The economic downturn has not affected some family businesses as badly as well known non-family firms; those run by executives who are often driven by short term gains in order to raise the value of the company and take risks accordingly. These firms are the ones that receive the most media attention but the real generators behind most economies are family businesses. They employ the most workers, have strong ties to the community, take on manageable levels of debt and only take risks after careful consideration. Many are firms that have lasted for generations and their intent is to last for many more. This long term thinking is key to why family firms will always weather an economic storm better than their counterparts. The article below from the telegraph.com.uk by Rachel Bridge talks about how, despite the somewhat shaky state of the UK economy family businesses are in better shape than their non family counterparts. David Harland – One of Australia’s Leading Authorities on Family Business
Whenever Giles Barber’s grandfather Jack became infuriated that things were not going his way at his family-owned cheese business, he would throw his hat to the ground and stamp on it.
Giles Barber, the firm’s commercial director and one of six Barbers currently involved in the business, is a passionate believer in the benefits of doing things as a family.
He said: “Running a family business gives you a real sense of purpose. It is much more than just achieving a set of results at the end of a year. We have got a common goal to improve the business for the next generation as well as our own.”
That sense of responsibility extends to employees and suppliers, too. He said: “We have generations of other people’s families that have worked for the business and the 120 farms that supply their milk to our operation are all small farming businesses.”
The Barbers are clearly doing something right – the business now has a turnover of £70m, employs 220 people and supplies its cheddar cheeses to Fortnum & Mason and Harrods as well as every major supermarket chain.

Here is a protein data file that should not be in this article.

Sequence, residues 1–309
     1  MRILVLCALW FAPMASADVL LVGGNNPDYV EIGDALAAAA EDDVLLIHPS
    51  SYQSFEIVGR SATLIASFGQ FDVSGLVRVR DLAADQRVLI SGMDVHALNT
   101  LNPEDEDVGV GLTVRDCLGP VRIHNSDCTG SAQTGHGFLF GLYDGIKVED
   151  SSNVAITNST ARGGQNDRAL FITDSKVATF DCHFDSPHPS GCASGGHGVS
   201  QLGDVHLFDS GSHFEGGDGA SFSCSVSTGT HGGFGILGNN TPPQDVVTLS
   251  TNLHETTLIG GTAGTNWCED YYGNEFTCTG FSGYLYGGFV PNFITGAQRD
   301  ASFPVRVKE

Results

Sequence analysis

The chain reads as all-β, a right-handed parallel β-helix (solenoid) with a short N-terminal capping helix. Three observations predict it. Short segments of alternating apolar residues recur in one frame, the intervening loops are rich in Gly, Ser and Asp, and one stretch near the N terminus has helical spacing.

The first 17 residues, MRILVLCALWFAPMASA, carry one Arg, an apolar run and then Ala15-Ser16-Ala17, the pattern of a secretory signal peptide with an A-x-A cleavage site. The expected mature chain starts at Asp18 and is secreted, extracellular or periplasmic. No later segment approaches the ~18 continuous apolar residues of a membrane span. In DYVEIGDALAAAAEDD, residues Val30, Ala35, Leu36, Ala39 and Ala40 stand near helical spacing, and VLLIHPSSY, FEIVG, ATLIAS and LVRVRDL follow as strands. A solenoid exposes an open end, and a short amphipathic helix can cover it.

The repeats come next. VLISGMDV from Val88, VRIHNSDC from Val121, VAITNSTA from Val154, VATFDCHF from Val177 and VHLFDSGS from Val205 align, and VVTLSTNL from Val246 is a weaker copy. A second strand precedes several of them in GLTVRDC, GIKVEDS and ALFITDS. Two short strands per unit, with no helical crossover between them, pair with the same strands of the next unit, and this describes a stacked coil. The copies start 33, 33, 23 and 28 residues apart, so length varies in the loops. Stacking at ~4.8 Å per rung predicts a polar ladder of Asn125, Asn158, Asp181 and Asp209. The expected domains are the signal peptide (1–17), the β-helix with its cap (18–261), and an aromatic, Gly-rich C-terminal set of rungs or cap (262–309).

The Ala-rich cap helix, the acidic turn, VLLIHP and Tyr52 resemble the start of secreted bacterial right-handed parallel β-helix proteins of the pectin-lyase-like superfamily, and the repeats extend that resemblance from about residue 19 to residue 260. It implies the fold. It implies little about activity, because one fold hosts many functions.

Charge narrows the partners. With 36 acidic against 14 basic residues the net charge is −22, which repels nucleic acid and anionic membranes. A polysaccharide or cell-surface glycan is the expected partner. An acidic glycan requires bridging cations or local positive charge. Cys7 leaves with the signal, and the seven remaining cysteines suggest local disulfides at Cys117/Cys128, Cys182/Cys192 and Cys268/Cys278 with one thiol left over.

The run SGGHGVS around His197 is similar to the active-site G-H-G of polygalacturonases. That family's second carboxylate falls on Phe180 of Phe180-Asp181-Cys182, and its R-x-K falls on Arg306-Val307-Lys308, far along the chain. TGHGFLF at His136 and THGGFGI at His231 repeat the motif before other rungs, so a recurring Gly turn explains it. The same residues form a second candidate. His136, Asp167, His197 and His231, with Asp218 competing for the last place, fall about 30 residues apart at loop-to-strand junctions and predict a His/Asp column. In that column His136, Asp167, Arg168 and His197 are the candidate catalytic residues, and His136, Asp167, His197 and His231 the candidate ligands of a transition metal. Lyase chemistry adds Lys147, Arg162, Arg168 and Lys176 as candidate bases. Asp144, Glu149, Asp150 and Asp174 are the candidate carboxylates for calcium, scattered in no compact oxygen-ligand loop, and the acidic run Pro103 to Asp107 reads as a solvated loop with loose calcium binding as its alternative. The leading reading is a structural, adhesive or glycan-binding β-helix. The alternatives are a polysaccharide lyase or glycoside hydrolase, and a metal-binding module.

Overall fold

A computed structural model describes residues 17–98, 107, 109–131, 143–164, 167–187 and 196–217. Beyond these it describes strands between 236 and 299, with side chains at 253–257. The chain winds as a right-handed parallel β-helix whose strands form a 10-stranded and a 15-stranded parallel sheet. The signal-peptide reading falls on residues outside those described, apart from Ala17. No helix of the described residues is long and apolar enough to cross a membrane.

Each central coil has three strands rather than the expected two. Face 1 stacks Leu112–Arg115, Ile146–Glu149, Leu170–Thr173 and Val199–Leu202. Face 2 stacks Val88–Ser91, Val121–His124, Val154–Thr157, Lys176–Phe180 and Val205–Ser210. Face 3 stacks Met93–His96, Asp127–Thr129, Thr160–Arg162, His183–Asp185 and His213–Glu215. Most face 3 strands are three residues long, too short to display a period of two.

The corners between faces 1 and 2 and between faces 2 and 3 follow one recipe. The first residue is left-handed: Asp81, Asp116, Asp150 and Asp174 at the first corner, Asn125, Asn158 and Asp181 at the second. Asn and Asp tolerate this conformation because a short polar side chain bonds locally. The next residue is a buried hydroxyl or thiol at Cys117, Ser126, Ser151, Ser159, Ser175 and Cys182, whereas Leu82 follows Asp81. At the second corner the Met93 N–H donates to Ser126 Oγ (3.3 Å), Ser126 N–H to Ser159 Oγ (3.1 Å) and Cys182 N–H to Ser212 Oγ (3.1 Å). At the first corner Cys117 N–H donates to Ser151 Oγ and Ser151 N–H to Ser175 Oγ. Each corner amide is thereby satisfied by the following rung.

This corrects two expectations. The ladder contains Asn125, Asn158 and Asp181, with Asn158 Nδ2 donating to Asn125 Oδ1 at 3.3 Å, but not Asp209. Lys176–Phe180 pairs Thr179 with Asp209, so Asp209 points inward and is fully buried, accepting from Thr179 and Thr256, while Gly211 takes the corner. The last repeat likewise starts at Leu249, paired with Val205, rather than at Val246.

Family businesses have long been the butt of jokes, seen as old-fashioned and slow to react to change or to grasp new opportunities.
But now they are having the last laugh as survey after survey shows they are proving more resilient than other firms in withstanding the impact of the downturn.
A recent report by Credit Suisse found that family firms have generally proved more robust than other private businesses in the face of the economic headwinds, with 60pc of them reporting revenue growth of 5pc or more in 2011.
Its CS Family Business Index of listed family companies has outperformed the stock market by 8pc over the past five years. Meanwhile, the latest report by the Institute for Family Business found that insolvency rates rose at a slower rate for family firms of all sizes than for non-family businesses.
The fact is that the qualities found in family firms are exactly the kind of qualities that the UK economy needs right now. In general family-owned businesses – which account for 66pc of private-sector companies and provide 9.2m jobs – are not keen on burdening themselves with vast amounts of debt, they are slow to shed staff in a downturn, take decisions for the long term, build long-standing relationships with customers and suppliers and, above all, have very strong community links and values that provide the glue for many towns and villages around the country.
John Cooney, head of the Family Business practices at Ernst & Young accountancy firm, said: “Family businesses are one of the most valuable parts of the economy. Everybody should love them.
“They have weathered the recession fairly well, mostly because of their lack of appetite for taking on debt when it was being forced at them during the good times. Without this sector, the UK would be in much more dire straits than it currently is. Ignoring fashion and ignoring expectation in the market has been good for them.”
Harry Knowles is executive director of Furness Enterprise, an enterprise agency in Barrow-in-Furness.
He said: “I want to see more family businesses encouraged. Good family businesses have a tendency to think longer term because they don’t have shareholders breathing down their necks for quarterly results and dividends. They are prepared to invest in the business over the longer period, which those firms driven by more short-term results don’t.”
So what should the rest of the business community learn from all this?
First, that creating a successful business is not just about revenue and profit; it is also about all the intangible stuff that is not measured in monetary terms but still matters a lot. Things such as community, loyalty and creating relationships with employees, customers and suppliers that are built to last.
Second, that prudence can sometimes be a good thing in business. There are other ways to increase the size of a venture than by trading chunks of equity and control for investment funds and it is important to remember that.
Third, that short-term targets are important, but so, too, is having a long-term vision.
Building a business of true value is a journey, not a race – and being properly equipped for the voyage will eventually pay off.
To find out how to best position your family business for the future contact FINH on 07 3229 7333